If I put you in charge of fixing this problem, what would you do, how complicated would it be and how long would it take to "fix"? No problem is unfixable, and the solution may give the problem context.
I think they could have made the switch to 5 bytes within a few months, assuming that they committed sufficient resources to the task.
OK, Daniel, you seem to have missed the point of my question.
I asked you this multi-part question: "what would you do, how complicated would it be and how long would it take to "fix" what would you do, how complicated would it be and how long would it take to "fix""
You have made the claim, several times, that this is a non-trivial problem to solve. OK, I accept that. But what is the solution? "They could have made the switch to 5 bytes within a few months, assuming that they committed sufficient resources to the task" is not an answer that has any real technical evidence to support it, has no alternate possibilities attached, and it is an assessment of the possibilities, not actually a solution.
Given this thread is now 6 pages long, the almost complete lack of technical explainations for this "problem" is bizarre. I felt sure, given an open invitation, you could have supplied me with technical data like this article: http://www.searchgui...article215.html
, that even goes so far as to offer a specific code snippet showing the trivial nature of a fix.
Specifically, I was a bit disappointed that you have not provided any evidence to support the notion that 5 bytes is the optimal number for a docID, nor that this is the best approach, nor in fact anything like what would be required, in terms of coding, to actually implement such a solution. One paragraph to answer the solution question, and then 4-5 on why google did all this. Doesn't seem right to me.
Alas, all we have had since my last post is more speculation about sociological, marketing and monetary concerns, as well as a segway into quality of results, rather than raw technical data.
This problem, if it ever existed, is a purely design and technical problem. Other factors may play a part in prioritising its "fixing", but that makes the assumption that the problem exists currently, and wasn't already fixed.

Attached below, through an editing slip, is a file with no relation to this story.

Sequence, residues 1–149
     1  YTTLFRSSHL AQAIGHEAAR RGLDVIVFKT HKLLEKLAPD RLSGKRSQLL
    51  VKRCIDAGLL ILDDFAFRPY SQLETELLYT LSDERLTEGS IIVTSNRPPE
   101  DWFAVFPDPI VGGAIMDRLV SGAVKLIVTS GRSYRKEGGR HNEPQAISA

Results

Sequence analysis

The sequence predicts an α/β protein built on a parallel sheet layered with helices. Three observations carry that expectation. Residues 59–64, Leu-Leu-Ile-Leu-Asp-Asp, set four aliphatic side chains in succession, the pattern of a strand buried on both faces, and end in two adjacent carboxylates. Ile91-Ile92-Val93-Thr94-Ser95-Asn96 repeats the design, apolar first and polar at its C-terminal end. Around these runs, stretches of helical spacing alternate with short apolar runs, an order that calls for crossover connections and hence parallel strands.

Usually, in any debate, speculation as to why a thing suppossedly happenned, and theories on why it suppossedly continues, is reserved for after a theory is proven / shown, not before and/or as part of the argument to prove such a belief. Motivation for doing / not doing can not form the primary basis for evidence of a thing, nor indeed should 5 year old evidence.
So, in the interest of not being hypocrital, let me offer my $0.02 solution. Why not have 32 bit docIDs but have multiple inverted indexes? So, a docID is specific to one inverted index, which in turn has its own index ID. This would require an extra 32 bits per URL, not per entry into an inverted index. normalising a database saves space, and this would have aditional benefits as well.
This solution would also allow multiple threads on multiple machines to be run that search through each index seperately, utilising pre-existing functions. If uindexes were kept small, this would also improve speed as there would be far less entries per inverted index to search through.
Now, such a solution would require changes in core logic, no doubt, but would not take massive ammounts of time (certainly not 17 months), and also makes logically seperate indexes, like News, easier to implement.
Now, this is "off the top of my head", and I am sure there are plenty of other solutions to such a problem. Perhaps someone can offer some others, so that we can all better understand both the expense and / or difficulty Google would face.
Edited by projectphp, 19 September 2004 - 09:00 PM.